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Discussion Starter #1
alright everyone, have some questions for you.

First off, I am LEFT-HANDED, so i need some tuning advice and i am not 100% sure what transfers over to lefties and what is reversed from rh shooters.

I did some bareshaft tuning with my full-length arrows today. Well the result was that my bareshafts were hitting low and to the left of my fletched arrows.

Now what exactly does this mean? I am thinking it is the reverse of a right-handed shooter when it comes to the arrows being to the left. So that means my spine is too weak and that i need to either:
1. decrease point weight (shooting 100 grains right now)
2. wider plate
3. shorten the arrows
4. switch from fast-flight to dacron.

Now hopefully those are the right things to do, and I wanted to double check that. Now as for the arrows hitting low, that probably means that my nocking point is too high correct?

Now next I have another problem. On my shelf I am getting a lot of wear on the outside (too the right) of my rug. Is this because of my weak arrows? If I fix my problems with my arrows will this problem most likely go away?

Thanks everyone
 

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Lemme see..

alright everyone, have some questions for you.

First off, I am LEFT-HANDED, so i need some tuning advice and i am not 100% sure what transfers over to lefties and what is reversed from rh shooters.

I did some bareshaft tuning with my full-length arrows today. Well the result was that my bareshafts were hitting low and to the left of my fletched arrows.

Now what exactly does this mean? I am thinking it is the reverse of a right-handed shooter when it comes to the arrows being to the left. So that means my spine is too weak and that i need to either:
1. decrease point weight (shooting 100 grains right now)
2. wider plate
3. shorten the arrows
4. switch from fast-flight to dacron.

Now hopefully those are the right things to do, and I wanted to double check that. Now as for the arrows hitting low, that probably means that my nocking point is too high correct?

Now next I have another problem. On my shelf I am getting a lot of wear on the outside (too the right) of my rug. Is this because of my weak arrows? If I fix my problems with my arrows will this problem most likely go away?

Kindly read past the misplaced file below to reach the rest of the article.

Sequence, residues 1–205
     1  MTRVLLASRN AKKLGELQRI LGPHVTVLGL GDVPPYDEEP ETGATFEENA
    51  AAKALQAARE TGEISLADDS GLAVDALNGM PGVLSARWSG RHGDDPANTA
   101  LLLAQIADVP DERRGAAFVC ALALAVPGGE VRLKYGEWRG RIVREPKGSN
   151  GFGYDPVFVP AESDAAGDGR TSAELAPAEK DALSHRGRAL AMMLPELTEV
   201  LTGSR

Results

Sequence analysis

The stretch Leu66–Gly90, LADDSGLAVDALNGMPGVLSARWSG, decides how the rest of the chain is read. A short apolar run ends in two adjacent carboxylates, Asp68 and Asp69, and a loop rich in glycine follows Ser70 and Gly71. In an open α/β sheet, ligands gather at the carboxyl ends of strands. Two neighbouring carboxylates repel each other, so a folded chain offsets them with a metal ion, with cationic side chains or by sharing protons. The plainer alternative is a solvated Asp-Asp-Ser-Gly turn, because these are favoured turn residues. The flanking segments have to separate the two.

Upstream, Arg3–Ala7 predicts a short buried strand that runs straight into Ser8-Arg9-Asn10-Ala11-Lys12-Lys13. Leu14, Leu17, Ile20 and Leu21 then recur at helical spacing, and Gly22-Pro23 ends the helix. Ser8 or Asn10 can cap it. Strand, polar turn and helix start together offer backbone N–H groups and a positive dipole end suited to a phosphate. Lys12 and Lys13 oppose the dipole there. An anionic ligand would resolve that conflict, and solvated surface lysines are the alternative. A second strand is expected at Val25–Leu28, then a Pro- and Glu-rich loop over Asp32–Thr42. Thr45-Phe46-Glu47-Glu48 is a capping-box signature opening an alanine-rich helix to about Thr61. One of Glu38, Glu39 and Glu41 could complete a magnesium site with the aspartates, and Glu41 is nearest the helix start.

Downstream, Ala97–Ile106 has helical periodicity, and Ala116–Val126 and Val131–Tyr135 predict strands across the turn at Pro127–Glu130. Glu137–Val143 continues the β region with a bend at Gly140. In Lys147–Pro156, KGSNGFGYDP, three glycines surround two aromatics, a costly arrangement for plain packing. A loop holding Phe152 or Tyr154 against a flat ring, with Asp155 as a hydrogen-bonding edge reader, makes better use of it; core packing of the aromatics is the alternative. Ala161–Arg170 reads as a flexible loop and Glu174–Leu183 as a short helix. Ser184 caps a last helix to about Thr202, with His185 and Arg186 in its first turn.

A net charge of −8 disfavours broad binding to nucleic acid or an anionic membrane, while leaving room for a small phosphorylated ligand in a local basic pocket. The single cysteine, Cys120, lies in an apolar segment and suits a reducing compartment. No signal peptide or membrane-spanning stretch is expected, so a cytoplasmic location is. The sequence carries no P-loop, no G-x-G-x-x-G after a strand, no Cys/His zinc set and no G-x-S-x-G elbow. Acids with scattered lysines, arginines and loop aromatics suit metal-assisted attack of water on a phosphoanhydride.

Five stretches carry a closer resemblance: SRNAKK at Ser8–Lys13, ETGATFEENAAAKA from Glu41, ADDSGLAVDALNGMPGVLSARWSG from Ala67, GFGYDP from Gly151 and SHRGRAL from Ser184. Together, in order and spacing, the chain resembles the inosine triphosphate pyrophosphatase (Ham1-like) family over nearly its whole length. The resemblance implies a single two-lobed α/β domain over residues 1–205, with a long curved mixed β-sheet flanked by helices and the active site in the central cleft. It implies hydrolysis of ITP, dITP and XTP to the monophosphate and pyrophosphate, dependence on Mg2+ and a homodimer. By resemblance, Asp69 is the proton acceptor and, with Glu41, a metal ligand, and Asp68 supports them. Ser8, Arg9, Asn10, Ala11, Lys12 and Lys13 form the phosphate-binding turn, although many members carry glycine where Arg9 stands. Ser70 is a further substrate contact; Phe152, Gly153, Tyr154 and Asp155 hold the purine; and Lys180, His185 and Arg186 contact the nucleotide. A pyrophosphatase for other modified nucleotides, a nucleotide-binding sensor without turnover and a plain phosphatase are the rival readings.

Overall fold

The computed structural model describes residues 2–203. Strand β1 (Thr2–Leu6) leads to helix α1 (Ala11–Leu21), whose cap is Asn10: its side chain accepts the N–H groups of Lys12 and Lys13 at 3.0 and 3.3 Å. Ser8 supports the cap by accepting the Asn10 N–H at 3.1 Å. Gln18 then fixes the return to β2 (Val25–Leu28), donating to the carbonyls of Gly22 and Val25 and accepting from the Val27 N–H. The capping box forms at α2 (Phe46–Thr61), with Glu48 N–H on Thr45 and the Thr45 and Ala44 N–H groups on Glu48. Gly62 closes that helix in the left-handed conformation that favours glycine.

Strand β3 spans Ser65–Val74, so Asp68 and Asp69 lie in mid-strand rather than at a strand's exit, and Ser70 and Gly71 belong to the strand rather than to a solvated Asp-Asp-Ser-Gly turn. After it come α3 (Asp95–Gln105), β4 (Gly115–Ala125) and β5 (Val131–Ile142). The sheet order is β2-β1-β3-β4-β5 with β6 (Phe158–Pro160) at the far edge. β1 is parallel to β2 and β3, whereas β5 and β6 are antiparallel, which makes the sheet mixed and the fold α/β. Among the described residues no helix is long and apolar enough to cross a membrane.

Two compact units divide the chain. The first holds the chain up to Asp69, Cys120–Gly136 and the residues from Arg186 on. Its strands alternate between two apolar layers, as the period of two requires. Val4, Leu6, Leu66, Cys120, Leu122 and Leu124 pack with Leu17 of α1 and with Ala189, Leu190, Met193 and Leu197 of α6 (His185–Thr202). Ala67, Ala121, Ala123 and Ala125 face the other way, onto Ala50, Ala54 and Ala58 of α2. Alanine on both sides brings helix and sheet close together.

Thanks everyone
If I'm recalling correctly... for a LH archer... your bare shaft being left is the opposite from the RH archer. Therefore, your brace height would be a little too high and in need of being relaxed a little. And... when tuning the bow's adjustments... do ONE type of tuning at a time. Get it dialed in laterally (if that's where you begin) and THEN work on dialing in elevation adjustments.

If your arrows' spines are too weak, lighten the tip weight... if they're heavy for your bow's draw weight... add weight.

Now... let's see if I have a handle on it, or if someone blows me out of the water with a list of corrections. :shade:
 

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Well a question for you, are you pretty new at this? if so bare shaft testing isn't going to help much.. It is the opposite for a lefty but you are not looking so much for where the arrow impacts , you look at how it flies . How far away the target is makes a difference ETC ETC......

But as I said if you haven't been shooting stick bows long don't worry about bare shaft testing yet. You need to perfect your form and release before you can bare shaft test with any hope of getting anything from it. Randy
 

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Yes lower your nock 1/16 and shoot again. Get your nock hight set 1st.
Yes your arrow are showing weak. Shorten the arrow by 1/2 inch.
Let us know what arrow and bow weight you are shooting and your draw length.
 

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Discussion Starter #5
Well a question for you, are you pretty new at this? if so bare shaft testing isn't going to help much.. It is the opposite for a lefty but you are not looking so much for where the arrow impacts , you look at how it flies . How far away the target is makes a difference ETC ETC......